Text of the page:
In August, 40 federal agents arrived in Memphis. Some were already on the ground by the time U.S. Attorney Michael Dunavant announced the onset of Operation Legend and the city became, along with St. Louis, the seventh to be targeted by the Justice Department’s heavy-handed initiative to reduce violent crime. Many of the agents are on temporary assignment, working in collaboration with police; nearly half will relocate by November. But they will leave behind a city flush with grant money for local police — and heightened surveillance capabilities.
In Memphis, organizers have long battled police surveillance. The fight came to a head in 2017, when a lawsuit against the city of Memphis revealed years of close surveillance of Black Lives Matter activists and union organizers. “We knew we were being watched and monitored and surveilled,” said Hunter Demster, an activist who was tracked on social media by MPD. The suit was successful, and in 2018, a federal judge ordered an independent monitor to oversee policing in the city. Now, activists there say that Operation Legend is a serious blow.
Operation Legend and its December precursor, Operation Relentless Pursuit, are both funding surveillance technology in cities across the country. Through Operation Legend, Memphis and four other cities received grants for gunshot detection technology, which lines cities with sensors to detect gunfire, despite longstanding concerns about its efficacy. Other more opaque grants from the Justice Department, like a $1.4 million grant to Shelby County, which surrounds Memphis, in April and a $1 million grant in July to the city of Cleveland, are to be used in part for “technological solutions” or “support” for investigations.
Awash in these federal funds, cities have doubled down on their surveillance investments, even as they face general budget shortfalls in the tens of millions. On August 4, two days before Operation Legend was formally announced in the city, Memphis signed a new contract with Cellebrite, an Israeli forensics manufacturer popular with law enforcement, whose products can hack and extract data from smartphones. The estimated $65,000 contract would double previous annual spending on the technology, per city procurement records. The Memphis police declined an interview request for this story and did not respond to several additional inquiries about the purchases.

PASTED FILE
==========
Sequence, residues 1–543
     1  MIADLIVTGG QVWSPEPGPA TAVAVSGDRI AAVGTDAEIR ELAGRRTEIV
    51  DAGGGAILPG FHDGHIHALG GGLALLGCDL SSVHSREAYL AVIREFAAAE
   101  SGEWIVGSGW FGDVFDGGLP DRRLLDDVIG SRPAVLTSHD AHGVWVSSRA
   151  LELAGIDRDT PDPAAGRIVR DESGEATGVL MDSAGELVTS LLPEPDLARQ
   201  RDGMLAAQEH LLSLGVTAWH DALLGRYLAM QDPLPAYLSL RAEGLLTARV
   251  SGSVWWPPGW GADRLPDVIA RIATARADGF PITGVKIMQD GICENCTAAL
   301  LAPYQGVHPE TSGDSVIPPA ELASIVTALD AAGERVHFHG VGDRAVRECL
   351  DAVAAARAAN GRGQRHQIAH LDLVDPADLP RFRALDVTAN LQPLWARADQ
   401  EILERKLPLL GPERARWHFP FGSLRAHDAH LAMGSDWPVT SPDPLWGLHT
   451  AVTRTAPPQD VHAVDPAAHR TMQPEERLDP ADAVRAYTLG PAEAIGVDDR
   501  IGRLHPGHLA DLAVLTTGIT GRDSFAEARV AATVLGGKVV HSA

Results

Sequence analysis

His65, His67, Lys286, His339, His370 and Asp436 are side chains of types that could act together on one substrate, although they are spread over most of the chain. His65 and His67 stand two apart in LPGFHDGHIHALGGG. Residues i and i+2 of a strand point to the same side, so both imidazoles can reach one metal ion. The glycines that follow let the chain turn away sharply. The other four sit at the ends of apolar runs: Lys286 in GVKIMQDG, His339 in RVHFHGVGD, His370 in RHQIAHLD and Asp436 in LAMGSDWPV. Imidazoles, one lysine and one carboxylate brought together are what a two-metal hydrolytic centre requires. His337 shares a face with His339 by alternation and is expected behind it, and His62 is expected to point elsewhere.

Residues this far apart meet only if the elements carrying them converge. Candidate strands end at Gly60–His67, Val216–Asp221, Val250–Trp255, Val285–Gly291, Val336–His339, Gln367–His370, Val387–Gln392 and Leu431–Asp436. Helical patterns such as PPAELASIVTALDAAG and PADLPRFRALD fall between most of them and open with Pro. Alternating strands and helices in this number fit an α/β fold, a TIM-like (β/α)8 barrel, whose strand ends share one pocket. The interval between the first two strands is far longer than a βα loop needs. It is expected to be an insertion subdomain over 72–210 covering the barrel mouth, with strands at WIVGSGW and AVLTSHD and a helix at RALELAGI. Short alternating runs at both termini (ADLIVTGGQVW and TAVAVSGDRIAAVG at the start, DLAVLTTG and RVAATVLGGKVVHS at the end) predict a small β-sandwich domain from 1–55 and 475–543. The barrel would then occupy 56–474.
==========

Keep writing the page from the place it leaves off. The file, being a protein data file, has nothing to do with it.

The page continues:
On August 12, the city of Detroit — another of the nine cities targeted by Operation Legend — also placed a $100,000 order with Cellebrite to acquire the company’s “premium” software package and, two weeks later, renewed an older Cellebrite license for another $22,000 — more than tripling 2018 and 2019 expenditures.
Chicago, meanwhile, announced on August 14 that it would employ “enhanced” technology for “around-the-clock” monitoring of social media to identify looters. One hundred federal agents from the FBI, the Drug Enforcement Administration, and the Bureau of Alcohol, Tobacco, Firearms, and Explosives were sent to Chicago through Operation Legend in late July. Though Mayor Lori Lightfoot at first assumed a hostile attitude toward the initiative, in August she also announced a new task force on looting in partnership with the FBI. “This Task Force is already reviewing video camera footage and other evidence to identify perpetrators and develop strong cases against them,” she wrote.
Just the presence of federal agents can undermine longstanding efforts for accountability on police surveillance. In Memphis, a unique consent decree from 1978 prohibits law enforcement from engaging in “political intelligence” — collecting information on individuals for political purposes. This decree was the backbone of the 2018 American Civil Liberties Union lawsuit, which held that Memphis had violated the law. City law enforcement has lobbied to amend and strike the decree, but so far, it has held.
Yet the Memphis law does not apply to federal law enforcement. “That’s the harsh truth. The decree only covers the city,” explained Tom Castelli, legal director for the ACLU of Tennessee, though per the decree, the city cannot collaborate on unlawful surveillance with outside agencies.